, Volume 109, Issue 1-4, pp 43-53
Date: 22 Sep 2012

Varre-Sai: The Recent Brazilian Fall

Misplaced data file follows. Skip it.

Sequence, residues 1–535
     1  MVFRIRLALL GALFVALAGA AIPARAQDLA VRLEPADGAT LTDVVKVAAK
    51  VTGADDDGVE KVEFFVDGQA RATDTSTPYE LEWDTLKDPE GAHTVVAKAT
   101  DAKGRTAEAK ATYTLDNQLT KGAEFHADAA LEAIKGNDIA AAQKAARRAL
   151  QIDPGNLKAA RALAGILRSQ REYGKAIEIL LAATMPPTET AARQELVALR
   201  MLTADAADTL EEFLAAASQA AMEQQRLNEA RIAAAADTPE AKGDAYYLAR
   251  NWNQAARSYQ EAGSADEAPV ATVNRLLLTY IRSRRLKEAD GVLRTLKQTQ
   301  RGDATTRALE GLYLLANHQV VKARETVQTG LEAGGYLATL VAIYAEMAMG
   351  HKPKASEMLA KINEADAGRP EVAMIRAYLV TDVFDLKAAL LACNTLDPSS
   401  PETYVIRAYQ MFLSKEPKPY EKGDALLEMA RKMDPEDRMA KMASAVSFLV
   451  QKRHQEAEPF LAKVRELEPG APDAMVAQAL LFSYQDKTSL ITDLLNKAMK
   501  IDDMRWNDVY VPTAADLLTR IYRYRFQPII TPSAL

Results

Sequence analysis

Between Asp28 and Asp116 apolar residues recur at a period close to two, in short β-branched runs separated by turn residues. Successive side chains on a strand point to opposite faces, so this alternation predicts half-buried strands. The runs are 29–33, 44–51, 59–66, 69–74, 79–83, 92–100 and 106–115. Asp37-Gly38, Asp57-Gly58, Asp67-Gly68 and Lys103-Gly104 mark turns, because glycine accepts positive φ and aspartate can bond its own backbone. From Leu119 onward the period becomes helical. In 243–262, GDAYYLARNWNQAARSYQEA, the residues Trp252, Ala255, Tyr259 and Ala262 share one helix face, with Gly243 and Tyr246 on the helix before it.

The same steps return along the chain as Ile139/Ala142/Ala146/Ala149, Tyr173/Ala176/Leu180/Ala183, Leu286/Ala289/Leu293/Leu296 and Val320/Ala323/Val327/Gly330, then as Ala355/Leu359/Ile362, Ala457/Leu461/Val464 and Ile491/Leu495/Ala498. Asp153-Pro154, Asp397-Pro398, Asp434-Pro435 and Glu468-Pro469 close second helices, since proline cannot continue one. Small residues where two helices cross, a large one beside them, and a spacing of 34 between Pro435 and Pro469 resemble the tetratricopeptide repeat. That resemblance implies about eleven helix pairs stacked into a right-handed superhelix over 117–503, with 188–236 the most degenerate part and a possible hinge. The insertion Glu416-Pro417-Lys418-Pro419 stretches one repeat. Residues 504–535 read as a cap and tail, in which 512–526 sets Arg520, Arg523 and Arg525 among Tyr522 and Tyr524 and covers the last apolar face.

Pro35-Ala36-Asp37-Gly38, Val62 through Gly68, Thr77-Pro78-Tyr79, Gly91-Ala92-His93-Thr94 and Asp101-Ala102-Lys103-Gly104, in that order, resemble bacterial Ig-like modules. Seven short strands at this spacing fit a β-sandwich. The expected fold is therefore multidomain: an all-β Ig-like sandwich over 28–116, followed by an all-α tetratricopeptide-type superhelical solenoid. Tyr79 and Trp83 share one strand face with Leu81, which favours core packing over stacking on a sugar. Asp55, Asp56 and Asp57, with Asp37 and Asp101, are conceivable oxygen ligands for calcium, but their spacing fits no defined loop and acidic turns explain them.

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Varre-Sai, the most recent Brazilian meteorite fall, on June 19th, 2010 at Varre-Sai, in Rio de Janeiro State, Brazil (20°51′41″S; 41°44′.80″W). At least eight masses (total ~3.5 kg) were recovered. Most are totally covered by fusion crust. The exposed interior is of light-grey colour with a few dark shock veins. Five thin polished and etched sections were prepared from a slice weighing 35 g on deposit at the National Museum/UFRJ. It consists mostly of chondrules ranging in size from 0.35 to ~2.2 mm, and chondrule fragments enclosed in a crystalline matrix. The matrix consists of tiny isolated subhedral and anhedral crystals and opaque minerals that are intergrown with broken chondrules. The chondritic texture is poorly defined with chondrule textures that vary from non-porphyritic to porphyritic ones. The essential minerals are olivine (Fa25±0.2) and low-Ca pyroxene (Fa21.66±0.2Wo1.4). Accessory minerals are plagioclase, apatite, Fe–Ni metal phases, troilite, chromite and magnetite. Mössbauer spectroscopy analysis confirms that the mineral phases are olivine, pyroxene, troilite and kamacite/taenite. Chemical data indicate that Varre-Sai is a member of the low iron L chondrite group. The observed texture and mineral phases led us to classify Varre-Sai as an equilibrated petrologic type 5. The shock features of the minerals (undulatory extinction, planar structure and numerous cracks), as well as plagioclase partial or totally transformed to maskelynite, suggest a shock stage S4. Also, some post-impact metamorphic processes could be inferred from the meta-sulfide conjoint grains that show complex mixtures of kamacite–taenite–tetrataenite and troilite. The occurrence of veins crosscutting the studied sections indicates that Varre-Sai was affected by a late fracturing event. Sealing of these fractures must have been a fast process, as shown by troilite globule textures pointing towards rapid solidification. The meteorite name was approved by the Nomenclature Committee of the Meteoritical Society (Meteoritic Bulletin, no 99).